Let’s get vulnerable for a minute, pals. I was laid off by the Los Angeles Times in July, when its alt-weekly, Brand X — the place I worked at and loved for the previous year — folded. I have, believe it or not, a pretty lengthy resume and figured I’d get plenty of freelance work. I have: I’m still writing my weekly L.A. Unheard column for the Times, I was hired as a contributing editor at Billboard and I’m writing semi-regularly for places I love and respect like the A.V. Club and Vulture. (I’m doing what’s going to be my favorite thing I’ve ever written for my favorite magazine’s website right now and can’t wait to share it.) Here’s the thing: it’s just not enough money. My cost of living is about as low as it can be in Los Angeles: I live with my fiancee, we found the cheapest rent we could without moving into Skid Row and the only major purchase I’ve made in the last year has been a new computer to replace my dying college laptop. I drive a Toyota (which is a great car, haters to the left).
I’m not trying to go all 99% on you. I’m a middle-class Jew: worst case scenario, I run out of money and go live with my parents for a while, get depressed and apply to law school. But if you’re reading this in your RSS feed, you should know that you’re one of 1,500 or so people who do so every day and have for years. I don’t make a dime off of you and I never have. Advertising on the site, and here’s a truth-bomb, has never been more than $200 in a month, and that was probably the best month in Rawkblog history. I do Rawkblog because I love it. That’s not going to change. But it’s important to me to do it because someone should be writing about music — actually writing and thinking about it — and doing so without deadlines and wordcounts and advertiser and publicist pressure and music festivals to book and all the things that made you start reading blogs in the first place.
Look, music blogs are dying. We were cool from like, 2005-2007, which means we’re well past our expiration date and the traffic reflects this. Most of the better longform writers quit years ago. A handful of blogs, mostly on Tumblr, are still growing, but let’s be honest: those aren’t actually blogs, and I say that with the utmost respect possible. They’re just feeds that post MP3s and Polaroids and Instagram photos and tell you when the band’s new album is coming out, and while I’m happy to have their participation and recommendations, when Yvynyl writes a wonderful multi-paragraph piece like this, it’s like watching the goddamn sun burst through the sky after a year of rain. Sitting down to write something is hard! And people are getting their music from Facebook and Twitter and Spotify and YouTube, which is great, but without bloggers really digging through the digital crates, the best bands may not ever make it to your ears. If you went to SXSW or CMJ or even Coachella this year, you know there are too many bands and you have too little time to deal with figuring out who’s good, who’s bad and who’s Lana Del Rey, much less what makes those bands interesting. What their real stories are, not their bullshit cabin-in-the-woods press release. Who came before them. Who might come after.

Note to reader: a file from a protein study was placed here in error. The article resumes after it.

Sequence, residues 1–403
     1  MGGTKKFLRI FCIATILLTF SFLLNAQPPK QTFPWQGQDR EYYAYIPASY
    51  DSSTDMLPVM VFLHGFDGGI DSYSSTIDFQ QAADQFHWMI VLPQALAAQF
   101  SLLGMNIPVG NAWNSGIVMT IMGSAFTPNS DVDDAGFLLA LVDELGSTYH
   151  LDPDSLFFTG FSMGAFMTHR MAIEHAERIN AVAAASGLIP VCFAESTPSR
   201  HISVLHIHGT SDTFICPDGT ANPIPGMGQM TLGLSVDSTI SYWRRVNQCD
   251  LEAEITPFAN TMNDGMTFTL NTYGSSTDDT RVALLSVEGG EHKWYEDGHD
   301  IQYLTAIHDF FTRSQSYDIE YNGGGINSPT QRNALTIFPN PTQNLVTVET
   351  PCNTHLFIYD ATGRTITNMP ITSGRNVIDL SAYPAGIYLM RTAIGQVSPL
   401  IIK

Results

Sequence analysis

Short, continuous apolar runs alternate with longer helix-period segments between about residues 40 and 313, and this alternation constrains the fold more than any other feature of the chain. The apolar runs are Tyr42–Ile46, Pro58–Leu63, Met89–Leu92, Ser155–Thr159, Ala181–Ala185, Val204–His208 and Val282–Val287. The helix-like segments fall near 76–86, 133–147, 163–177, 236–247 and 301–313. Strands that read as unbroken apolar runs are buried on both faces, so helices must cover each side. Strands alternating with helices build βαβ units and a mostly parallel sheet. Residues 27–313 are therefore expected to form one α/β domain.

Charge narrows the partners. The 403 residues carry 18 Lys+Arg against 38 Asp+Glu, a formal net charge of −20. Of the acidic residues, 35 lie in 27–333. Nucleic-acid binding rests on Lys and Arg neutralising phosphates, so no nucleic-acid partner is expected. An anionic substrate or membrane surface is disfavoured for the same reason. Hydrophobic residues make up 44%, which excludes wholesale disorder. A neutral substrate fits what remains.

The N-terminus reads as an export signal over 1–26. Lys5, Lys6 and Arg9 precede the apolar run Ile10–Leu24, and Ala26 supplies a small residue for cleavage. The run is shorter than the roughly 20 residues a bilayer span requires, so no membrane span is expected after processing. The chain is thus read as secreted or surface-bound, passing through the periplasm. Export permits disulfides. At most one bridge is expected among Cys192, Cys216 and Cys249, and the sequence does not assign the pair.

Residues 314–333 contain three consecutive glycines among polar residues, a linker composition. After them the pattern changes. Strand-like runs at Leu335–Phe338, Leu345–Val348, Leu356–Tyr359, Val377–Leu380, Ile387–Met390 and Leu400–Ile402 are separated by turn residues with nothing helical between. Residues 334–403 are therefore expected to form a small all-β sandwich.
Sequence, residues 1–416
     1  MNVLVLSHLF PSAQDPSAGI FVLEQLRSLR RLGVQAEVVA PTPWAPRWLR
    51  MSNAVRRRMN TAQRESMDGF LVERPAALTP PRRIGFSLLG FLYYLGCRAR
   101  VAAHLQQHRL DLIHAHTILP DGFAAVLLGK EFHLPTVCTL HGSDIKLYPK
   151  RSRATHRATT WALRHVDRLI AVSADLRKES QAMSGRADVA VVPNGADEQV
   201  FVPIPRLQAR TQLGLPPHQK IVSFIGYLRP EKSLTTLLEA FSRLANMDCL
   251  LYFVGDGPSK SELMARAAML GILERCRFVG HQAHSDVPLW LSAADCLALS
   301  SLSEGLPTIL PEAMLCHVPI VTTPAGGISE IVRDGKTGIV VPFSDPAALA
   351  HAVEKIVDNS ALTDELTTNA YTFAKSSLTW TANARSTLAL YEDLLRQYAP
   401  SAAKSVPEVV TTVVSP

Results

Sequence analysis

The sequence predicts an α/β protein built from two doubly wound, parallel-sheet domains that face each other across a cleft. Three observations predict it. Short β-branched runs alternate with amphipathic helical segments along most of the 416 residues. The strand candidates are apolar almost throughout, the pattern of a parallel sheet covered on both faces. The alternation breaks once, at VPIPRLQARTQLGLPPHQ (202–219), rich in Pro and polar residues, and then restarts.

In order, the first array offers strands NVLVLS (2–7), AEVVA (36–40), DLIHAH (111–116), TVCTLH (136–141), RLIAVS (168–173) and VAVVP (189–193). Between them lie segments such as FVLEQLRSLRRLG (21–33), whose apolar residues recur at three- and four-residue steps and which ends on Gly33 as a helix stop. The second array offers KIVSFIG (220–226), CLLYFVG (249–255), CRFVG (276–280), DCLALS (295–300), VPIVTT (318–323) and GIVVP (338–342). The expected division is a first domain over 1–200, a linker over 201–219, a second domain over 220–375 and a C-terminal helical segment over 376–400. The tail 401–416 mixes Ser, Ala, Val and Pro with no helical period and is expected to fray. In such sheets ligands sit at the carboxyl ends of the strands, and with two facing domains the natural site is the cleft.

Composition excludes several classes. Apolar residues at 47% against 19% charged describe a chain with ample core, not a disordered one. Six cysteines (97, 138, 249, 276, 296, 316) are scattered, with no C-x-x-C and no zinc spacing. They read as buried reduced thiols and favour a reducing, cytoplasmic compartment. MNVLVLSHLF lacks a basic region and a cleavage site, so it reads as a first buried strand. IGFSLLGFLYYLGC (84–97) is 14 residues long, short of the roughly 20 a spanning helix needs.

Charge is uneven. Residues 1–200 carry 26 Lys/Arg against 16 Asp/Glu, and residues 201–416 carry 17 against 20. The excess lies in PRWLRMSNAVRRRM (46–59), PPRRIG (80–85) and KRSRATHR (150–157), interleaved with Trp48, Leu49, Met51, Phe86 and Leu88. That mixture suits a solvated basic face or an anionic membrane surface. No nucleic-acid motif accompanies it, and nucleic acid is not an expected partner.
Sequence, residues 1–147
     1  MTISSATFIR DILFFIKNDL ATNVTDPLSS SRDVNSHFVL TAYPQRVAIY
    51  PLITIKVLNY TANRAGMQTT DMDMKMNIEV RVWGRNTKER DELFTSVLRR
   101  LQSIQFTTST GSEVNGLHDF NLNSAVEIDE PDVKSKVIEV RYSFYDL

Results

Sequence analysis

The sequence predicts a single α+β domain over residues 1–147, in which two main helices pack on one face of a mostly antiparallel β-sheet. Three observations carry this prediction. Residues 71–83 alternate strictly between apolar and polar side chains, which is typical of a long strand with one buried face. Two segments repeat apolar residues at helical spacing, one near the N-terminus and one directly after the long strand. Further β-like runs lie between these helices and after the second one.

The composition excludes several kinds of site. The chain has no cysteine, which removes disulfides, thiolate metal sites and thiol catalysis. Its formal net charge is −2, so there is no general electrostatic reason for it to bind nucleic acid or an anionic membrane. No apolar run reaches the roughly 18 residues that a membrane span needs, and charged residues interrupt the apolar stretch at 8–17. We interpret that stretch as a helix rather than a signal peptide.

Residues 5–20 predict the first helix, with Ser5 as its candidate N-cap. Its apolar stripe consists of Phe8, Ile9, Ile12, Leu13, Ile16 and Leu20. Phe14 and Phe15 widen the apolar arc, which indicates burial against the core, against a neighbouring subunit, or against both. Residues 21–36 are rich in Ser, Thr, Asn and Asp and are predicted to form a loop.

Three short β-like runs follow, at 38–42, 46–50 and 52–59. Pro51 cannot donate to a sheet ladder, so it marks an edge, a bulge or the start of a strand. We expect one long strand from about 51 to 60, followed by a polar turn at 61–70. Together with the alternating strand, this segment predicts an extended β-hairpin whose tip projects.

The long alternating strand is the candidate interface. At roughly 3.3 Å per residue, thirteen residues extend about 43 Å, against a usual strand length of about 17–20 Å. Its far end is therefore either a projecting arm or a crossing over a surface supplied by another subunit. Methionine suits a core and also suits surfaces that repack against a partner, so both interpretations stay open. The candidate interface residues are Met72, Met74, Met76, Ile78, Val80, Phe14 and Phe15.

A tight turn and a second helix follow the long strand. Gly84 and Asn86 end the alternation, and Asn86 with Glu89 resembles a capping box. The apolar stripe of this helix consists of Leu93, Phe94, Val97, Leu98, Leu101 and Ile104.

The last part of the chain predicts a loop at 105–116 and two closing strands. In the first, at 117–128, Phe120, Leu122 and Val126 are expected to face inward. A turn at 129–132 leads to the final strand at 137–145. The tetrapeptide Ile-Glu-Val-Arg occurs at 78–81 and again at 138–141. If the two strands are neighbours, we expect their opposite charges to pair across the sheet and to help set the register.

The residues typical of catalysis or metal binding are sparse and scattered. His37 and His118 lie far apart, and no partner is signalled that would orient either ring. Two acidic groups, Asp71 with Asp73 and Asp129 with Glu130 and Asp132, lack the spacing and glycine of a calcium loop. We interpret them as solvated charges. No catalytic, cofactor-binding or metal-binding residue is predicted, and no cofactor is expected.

It’s a shitty time for music journalism. It’s a shitty time for any journalism. The Times had a round of layoffs after I left and will reportedly have more shortly. There are a handful of dream jobs, but those, like Wall Street, are currently occupied. In this case, it’s by people who generally deserve them. (Hi, Nitsuh!) The Mercury Music Digital Record Club is my submission to the future. Ideally, it will go hand in hand with Rawkblog: you pay a few bucks a month (seriously, less than the cost of the banana walnut loaf you just ate at Starbucks while you waited for your holiday cup latte) and I send you amazing new music and mind-expanding classics on Spotify, making your weekly music discovery easy, alongside serious journalism — photos, interviews, news, reviews, everything Rawkblog ordinarily does and hopefully more of it — right here and in the weekly newsletter. One of my favorite sites, Put This On, did a Kickstarter project for its second season recently and raised over $68,000 in one go. PTO essentially told its readers that you should support the things you love; if you don’t, then they go away. It may have happened to your favorite record store already. It may be about to happen right here.
So try Mercury. Try it for free. For a month. If you hate it, you can cancel it. But you’re here, right? You know you won’t. Let’s make this happen together. Otherwise, I’m going to tweet the shit out of those law school applications.